The Horse Race (2 advisors):
A client might propose to separate advisors that each follow the same portfolio directive and the one with the highest return at the end of some period will win the client’s business. Is it just me or does this proposition sound like some sick, frivolous proposition that Dr. Evil would think up while holding his pinky finger up to his mouth? Pop quiz: Do think that that these two advisors will stop at no length to undercut one another to curry favor with the client? Press green for ‘yes’ and red for ‘no’. Question # 2: Do we think that both advisors will assume more or less risk in an attempt to win this little contest? Here’s a novel alternative: how about fully vetting both advisors by following the steps that I outlined in my previous blog post Financial Advisor Selection: The No B.S. Guide, and have ONE, not two of them follow the portfolio directive? That sounds reasonable to me.
An even worse subset of this convoluted scenario is when the same Dr. Evil client sets up a horse race between two advisors with two different portfolio directives. Best return wins, go at guys/gals!!!! It goes without saying that this particular situation is not destined for greatness. It sets up a race between an apple and an orange and the winner is chosen using an inappropriate yard stick. That strikes me as twisted and just unfair to both professionals. Don’t laugh, these snare traps are set up and play out regularly between investors and advisors. Cue the Mylanta and Pepto.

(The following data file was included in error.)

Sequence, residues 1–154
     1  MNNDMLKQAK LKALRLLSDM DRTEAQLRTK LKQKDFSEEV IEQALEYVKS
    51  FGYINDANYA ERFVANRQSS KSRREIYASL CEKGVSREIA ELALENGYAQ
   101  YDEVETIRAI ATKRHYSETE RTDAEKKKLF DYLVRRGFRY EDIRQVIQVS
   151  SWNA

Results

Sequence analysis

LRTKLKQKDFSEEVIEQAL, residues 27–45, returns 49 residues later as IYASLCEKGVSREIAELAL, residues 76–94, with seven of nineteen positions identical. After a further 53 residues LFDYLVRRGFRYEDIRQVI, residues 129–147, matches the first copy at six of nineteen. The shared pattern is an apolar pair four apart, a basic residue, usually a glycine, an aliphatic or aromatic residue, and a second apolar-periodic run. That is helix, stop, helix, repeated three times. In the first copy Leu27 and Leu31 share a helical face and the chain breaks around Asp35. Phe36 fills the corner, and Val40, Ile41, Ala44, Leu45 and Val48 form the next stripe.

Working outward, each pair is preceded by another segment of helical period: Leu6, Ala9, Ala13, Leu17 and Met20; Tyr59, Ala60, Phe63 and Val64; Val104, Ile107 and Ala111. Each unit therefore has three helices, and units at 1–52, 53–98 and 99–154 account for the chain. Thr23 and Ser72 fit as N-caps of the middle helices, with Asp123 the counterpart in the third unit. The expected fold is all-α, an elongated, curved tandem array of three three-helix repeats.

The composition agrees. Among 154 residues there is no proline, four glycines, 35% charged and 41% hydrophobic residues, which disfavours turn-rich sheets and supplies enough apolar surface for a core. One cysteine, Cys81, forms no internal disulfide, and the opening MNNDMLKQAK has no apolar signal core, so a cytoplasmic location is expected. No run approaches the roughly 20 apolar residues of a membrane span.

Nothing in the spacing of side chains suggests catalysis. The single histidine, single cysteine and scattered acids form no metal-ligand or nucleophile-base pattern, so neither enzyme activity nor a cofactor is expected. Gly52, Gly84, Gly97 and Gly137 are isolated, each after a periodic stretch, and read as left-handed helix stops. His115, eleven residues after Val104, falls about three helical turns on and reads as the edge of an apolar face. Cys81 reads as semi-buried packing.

The Client Advisor Horse Race:
Early in my career I was hired to manage money for a techie millionaire kid. He had just sold his company and needed investment help. He literally said to me ‘here’s what I’d like to do………..I’m going to break my portfolio into two halves. You manage half, I manage the other. We’re both picking individual stocks. Let’s see who does better.’ Talk about a ‘damned if you do damned if you don’t’ scenario for me. If he beats me, I look like a boob. If I beat him and do the obligatory touchdown dance, I look like a boob……….right as he fires me! Amongst many other reasons that this was ridiculous, this situation did nothing but encourage me to assume undue risk with this client’s money. It was a race, was it not? Not good.